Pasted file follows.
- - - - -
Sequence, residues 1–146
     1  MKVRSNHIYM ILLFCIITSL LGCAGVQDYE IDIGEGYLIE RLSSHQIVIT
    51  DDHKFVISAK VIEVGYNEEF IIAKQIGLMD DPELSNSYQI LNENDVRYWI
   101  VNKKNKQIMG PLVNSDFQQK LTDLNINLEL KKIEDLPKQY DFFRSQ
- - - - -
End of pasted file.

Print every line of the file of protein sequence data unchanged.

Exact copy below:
Sequence, residues 1–146
     1  MKVRSNHIYM ILLFCIITSL LGCAGVQDYE IDIGEGYLIE RLSSHQIVIT
    51  DDHKFVISAK VIEVGYNEEF IIAKQIGLMD DPELSNSYQI LNENDVRYWI
   101  VNKKNKQIMG PLVNSDFQQK LTDLNINLEL KKIEDLPKQY DFFRSQ